Lending Haqqani a Hand
The New York Times is again reporting that allied troops are helping Taliban leaders get to the negotiating table with the Afghan government. But this time they've got the names of the insurgent chiefs, although the Times is withholding them to protect their identities at the request of the White House. The militants involved are reportedly from the Quetta shura, Peshawar shura and the "Mafia-like" Haqqani network based in Pakistan's tribal areas. Author Dexter Filkins notes that Pakistan might not cooperate with the initiative, reporting that Pakistan's intel service, the ISI—long suspected of having close ties to the Taliban—isn't going to let a peace deal happen. He quotes one Afghan official who says the ISI will "just eliminate" the Taliban participants that aren't touting the company line.
The Jawa Report isn't buying it, though, and Weasel Zippers calls the whole thing "a farce." And Neptunus Lex thinks the insurgents are delaying à la North Vietnam, in order to get the air strikes "off their backs." Joshua Foust sarcastically calls the news "spectacular," pointing to a 1997 Times article "about the exact same thing." Max Boot isn't taking the negotiations seriously, either, but says next summer might present a real "opportunity" for talks, when the Taliban will be "shocked to discover" that the Americans aren't leaving." Allahpundit can't figure out who "thinks a deal is sustainable if Pakistan is cut out of it."
David Wood hopes "these wisps of smoke do gather into concrete movement toward a settlement" but isn't counting on it. Gawker says it's time to "start preparing an unsatisfying, vaguely-defined celebration." The story "sounds somewhat serious" and "sophisticated" to the blogger at Booman Tribune, which makes him glad, but he's skeptical of why the reports are "leaking out two weeks before the election."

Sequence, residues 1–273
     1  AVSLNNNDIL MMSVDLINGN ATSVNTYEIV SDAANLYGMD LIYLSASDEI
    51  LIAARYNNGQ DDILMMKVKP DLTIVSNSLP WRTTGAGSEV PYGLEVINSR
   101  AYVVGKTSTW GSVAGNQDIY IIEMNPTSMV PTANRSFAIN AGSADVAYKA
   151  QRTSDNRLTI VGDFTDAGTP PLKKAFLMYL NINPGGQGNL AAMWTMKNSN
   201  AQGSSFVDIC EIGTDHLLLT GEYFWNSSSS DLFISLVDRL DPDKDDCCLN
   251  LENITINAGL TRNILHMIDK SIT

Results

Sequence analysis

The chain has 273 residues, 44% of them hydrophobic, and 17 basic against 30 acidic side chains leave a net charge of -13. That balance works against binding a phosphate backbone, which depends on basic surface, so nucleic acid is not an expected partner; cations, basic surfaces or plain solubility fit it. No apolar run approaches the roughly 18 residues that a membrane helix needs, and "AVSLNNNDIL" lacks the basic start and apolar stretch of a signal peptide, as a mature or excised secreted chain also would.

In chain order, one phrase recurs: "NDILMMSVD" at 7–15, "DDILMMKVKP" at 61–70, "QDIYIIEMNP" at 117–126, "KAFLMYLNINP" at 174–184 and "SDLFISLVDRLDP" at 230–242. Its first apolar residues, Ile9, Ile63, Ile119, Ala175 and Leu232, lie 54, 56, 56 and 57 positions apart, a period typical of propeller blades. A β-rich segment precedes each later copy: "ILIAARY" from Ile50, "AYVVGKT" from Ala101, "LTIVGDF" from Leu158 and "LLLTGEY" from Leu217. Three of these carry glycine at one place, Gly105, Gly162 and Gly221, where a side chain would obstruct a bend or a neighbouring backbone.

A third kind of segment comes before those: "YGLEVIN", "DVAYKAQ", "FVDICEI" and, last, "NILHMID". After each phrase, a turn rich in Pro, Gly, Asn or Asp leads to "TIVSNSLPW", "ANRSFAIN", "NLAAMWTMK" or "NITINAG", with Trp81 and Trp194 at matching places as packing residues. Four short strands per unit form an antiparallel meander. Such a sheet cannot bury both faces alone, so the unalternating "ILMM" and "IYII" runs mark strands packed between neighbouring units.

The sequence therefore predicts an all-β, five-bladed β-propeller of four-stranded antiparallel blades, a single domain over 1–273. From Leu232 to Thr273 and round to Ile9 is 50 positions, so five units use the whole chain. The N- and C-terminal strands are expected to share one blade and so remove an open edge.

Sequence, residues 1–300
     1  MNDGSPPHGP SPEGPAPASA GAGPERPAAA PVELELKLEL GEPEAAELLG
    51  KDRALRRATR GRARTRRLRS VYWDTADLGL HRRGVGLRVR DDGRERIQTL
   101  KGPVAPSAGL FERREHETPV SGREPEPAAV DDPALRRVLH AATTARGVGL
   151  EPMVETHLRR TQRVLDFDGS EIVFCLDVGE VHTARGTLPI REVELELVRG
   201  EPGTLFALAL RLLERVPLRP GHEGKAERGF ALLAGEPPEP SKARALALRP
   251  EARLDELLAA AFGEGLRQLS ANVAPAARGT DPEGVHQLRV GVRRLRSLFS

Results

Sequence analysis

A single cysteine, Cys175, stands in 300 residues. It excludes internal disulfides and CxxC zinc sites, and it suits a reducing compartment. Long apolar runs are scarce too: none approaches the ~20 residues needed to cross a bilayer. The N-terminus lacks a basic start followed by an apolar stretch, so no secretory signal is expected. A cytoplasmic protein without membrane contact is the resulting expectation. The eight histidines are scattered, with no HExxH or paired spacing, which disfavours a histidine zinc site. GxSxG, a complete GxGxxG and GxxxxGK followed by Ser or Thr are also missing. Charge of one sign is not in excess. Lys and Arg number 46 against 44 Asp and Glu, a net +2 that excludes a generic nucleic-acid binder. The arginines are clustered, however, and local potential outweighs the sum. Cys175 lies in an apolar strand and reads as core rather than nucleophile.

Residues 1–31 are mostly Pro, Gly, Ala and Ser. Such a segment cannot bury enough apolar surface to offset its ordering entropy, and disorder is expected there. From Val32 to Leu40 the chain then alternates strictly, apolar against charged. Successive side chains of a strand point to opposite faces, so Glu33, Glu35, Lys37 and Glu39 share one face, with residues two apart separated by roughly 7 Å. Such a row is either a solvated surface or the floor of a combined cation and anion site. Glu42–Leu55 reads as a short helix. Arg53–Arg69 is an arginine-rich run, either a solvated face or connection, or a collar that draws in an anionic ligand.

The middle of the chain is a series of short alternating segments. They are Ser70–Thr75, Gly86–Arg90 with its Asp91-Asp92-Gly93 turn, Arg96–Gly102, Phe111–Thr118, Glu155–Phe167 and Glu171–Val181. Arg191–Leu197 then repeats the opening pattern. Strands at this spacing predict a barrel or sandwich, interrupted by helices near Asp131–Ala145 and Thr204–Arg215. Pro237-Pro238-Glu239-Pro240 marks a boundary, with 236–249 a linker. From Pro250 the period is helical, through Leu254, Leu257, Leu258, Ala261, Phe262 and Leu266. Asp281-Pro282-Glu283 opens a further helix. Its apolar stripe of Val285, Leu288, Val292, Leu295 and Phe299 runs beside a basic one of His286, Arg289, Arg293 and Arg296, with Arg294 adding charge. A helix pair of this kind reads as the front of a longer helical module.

Zalmay Khalilzad, the former U.S. ambassador to Afghanistan and the UN, isn't happy about Pakistan's intransigence on the negotiations and Islamabad's refusal to take on the Taliban more forcefully. The United States and its allies can't dodge Pakistan's role in the Afghan war, Khalilzad writes in a Times op-ed. Khalilzad says a "stark choice" is in order: demand Islamabad's cooperation or else. And Washington should begin preparations to bypass Pakistan as a supply corridor in case Islamabad responds by cutting off NATO's access. "At the same time," Khalilzad writes, we should offer Pakistan some "clear, significant incentives" (mediate disputes between Afghanistan and Pakistan, establish a trade corridor and help crack down on Baluch insurgents).
The Wall Street Journal is reporting that the Obama administration is heeding Khalilzad's call. Or maybe only the part about incentives. Adam Entous and Julian Barnes say Washington "is planning to ramp up military support" to Pakistan's army, in the hope that it will induce better cooperation. The administration is proposing $2 billion in aid over the next five years, although it will require congressional approval.